Case Study
TIKI Brand Fire Pit

Redesigning fire

People love sitting around an outdoor fire. In 2018, fire pits were rated as the most popular outdoor design feature by the American Society of Landscape Architects. But there are plenty of things people don’t like – the difficulty of starting a fire, smelling like smoke, and the mess.

In recent years, portable fire pits have become increasingly popular. About 85 percent of the market is factory direct, but there’s little brand recognition and a lot of drawbacks to existing products.

Lamplight saw an opportunity for its TIKI Brand to be a disruptor and expand into a new market with a high-quality, innovative product. We worked with them to better understand the opportunities and design a fire pit experience that is superior from packaging through storage.

Photo of people sitting around TIKI fire pit at night
Consumers enjoy social, relaxing aspects of fire pits, but clean-up and storage are pain points.

To begin, we conducted a workshop to explore what a TIKI-branded portable fire pit might mean to the target consumer and what a direct-to-consumer experience might entail. We set up a campground in our Madison office and brainstormed the timeline from purchase through setup for tailgating and camping. We generated potential strategies and design concepts.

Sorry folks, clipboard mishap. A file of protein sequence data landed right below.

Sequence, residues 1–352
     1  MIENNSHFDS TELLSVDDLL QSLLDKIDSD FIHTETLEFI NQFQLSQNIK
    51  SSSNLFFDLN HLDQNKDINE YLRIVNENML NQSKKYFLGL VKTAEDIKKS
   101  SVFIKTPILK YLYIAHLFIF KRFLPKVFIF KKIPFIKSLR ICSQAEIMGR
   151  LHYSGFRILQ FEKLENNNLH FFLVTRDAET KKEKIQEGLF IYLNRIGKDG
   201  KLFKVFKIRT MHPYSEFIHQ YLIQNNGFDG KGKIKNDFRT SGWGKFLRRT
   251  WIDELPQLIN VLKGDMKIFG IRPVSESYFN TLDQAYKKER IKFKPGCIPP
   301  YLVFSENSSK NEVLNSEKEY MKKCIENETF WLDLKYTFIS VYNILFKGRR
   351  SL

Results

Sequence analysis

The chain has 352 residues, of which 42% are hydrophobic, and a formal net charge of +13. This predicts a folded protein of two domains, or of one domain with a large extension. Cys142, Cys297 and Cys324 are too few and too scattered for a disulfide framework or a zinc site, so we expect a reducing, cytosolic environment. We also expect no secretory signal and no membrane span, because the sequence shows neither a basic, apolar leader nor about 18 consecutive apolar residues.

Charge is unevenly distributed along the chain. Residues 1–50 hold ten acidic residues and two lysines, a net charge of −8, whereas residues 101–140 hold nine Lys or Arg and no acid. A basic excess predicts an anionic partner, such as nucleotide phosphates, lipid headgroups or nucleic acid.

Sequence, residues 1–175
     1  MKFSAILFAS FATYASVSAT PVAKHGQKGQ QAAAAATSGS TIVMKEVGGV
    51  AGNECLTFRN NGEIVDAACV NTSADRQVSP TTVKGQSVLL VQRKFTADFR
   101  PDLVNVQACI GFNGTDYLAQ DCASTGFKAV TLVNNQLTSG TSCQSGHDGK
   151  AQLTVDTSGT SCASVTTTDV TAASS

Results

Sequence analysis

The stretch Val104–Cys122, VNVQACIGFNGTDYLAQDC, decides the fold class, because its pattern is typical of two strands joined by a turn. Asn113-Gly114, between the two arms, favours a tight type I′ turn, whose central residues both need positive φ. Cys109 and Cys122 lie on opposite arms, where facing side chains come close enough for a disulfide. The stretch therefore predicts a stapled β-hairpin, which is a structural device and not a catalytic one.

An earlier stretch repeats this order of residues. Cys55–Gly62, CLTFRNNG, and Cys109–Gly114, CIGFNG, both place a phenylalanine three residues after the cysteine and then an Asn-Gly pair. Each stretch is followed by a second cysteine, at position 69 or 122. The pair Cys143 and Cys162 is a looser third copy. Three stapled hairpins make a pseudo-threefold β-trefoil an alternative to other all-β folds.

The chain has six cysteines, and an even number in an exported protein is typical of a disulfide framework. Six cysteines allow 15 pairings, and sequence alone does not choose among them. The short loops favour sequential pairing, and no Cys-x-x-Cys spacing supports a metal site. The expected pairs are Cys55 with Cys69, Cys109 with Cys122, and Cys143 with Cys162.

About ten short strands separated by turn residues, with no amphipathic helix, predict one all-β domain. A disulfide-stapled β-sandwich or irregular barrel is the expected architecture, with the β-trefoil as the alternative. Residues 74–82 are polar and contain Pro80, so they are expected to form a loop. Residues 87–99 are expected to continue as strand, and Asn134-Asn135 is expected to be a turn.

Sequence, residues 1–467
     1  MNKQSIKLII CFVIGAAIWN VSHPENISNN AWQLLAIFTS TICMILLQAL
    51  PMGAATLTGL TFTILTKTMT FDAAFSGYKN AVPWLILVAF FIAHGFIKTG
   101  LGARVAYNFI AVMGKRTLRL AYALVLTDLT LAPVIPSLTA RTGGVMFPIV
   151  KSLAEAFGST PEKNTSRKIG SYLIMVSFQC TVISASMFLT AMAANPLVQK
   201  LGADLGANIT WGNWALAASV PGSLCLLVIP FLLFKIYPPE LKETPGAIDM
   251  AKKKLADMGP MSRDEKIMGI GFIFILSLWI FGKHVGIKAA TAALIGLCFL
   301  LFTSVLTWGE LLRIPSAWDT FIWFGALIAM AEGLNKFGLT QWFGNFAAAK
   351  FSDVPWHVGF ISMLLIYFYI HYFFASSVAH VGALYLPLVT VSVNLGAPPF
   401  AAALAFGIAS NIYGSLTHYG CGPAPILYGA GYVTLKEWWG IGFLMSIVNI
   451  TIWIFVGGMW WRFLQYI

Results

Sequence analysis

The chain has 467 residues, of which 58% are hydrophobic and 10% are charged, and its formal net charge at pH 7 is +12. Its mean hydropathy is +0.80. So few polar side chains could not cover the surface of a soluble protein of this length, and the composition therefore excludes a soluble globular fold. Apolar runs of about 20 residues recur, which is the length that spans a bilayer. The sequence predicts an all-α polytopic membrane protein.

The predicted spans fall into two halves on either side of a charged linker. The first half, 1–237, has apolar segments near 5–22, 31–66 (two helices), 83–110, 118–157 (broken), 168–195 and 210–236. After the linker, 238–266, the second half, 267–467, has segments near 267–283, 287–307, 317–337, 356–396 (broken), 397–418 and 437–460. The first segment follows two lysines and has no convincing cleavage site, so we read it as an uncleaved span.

From that initial brainstorm, our designers and strategists got to work refining the concepts and framing how TIKI could enter this market space. We shared sketches and foam-core models with a focus group to validate the concept’s desirability.


Encouraged by the results, the TIKI team went to work with rocket engineers to develop an “engine” for the portable pit. Once they were happy with the quality of the flame, TIKI engaged with us again to evaluate how to commercialize the concept.

Our designers enveloped the engine with an appealing reverse-cone form that is modern and inviting while working out the proportions and manufacturing specs to meet the cost and shipping limitations of factory-direct merchandising. TIKI made their own prototype and returned to us for further design and research support on the packaging, wood pellet packs, and physical accessories. With mocked-up packaging, quick start instructions, and a prototype, our design researchers tested the out-of-box experience with consumers to identify users’ expectations and pain points. These insights informed further design refinements to the fire pit and accessories.

Photo of TIKI pellet packs
Users have their choice of pellet packs or traditional logs.

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